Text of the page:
Intravascular lesions of the hand
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Diagnostic Pathology 2008, 3:24 doi:10.1186/1746-1596-3-24Published: 30 May 2008
Intravascular lesions of the hand comprise reactive and neoplastic entities. The clinical diagnosis of such lesions is often difficult, and usually requires pathologic examination. We present the largest series to date of intravascular lesions affecting the hand.
A retrospective review of intravascular (arterial and venous) lesions involving the hand was conducted. Data regarding clinicopathologic findings were analyzed.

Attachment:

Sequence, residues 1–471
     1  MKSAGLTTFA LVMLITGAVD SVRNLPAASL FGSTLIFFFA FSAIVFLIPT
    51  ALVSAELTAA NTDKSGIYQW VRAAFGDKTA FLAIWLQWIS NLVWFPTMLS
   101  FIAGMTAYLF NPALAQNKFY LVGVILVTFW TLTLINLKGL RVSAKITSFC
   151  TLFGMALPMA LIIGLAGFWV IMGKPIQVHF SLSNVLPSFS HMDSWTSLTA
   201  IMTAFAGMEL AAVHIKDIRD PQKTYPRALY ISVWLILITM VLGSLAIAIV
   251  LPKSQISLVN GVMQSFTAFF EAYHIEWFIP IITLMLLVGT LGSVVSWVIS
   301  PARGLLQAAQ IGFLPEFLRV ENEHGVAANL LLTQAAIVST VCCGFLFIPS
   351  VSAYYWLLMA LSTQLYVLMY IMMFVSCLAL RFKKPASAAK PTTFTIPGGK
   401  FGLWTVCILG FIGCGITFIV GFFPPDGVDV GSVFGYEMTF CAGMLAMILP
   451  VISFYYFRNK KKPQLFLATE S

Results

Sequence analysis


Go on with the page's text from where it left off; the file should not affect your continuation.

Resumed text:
We identified 10 patients with intravascular lesions of their hands including thromboemboli (n = 3), reactive intravascular conditions such as papillary endothelial hyperplasia or Masson's tumor (n = 2) and fasciitis (n = 1), as well as vascular neoplasms including pyogenic granuloma (n = 2) and angioleiomyoma (n = 2).
Blood vessel injury and/or venous thrombosis may predispose to several intravascular lesions of the hand. Recognition of reactive entities from neoplastic conditions is important.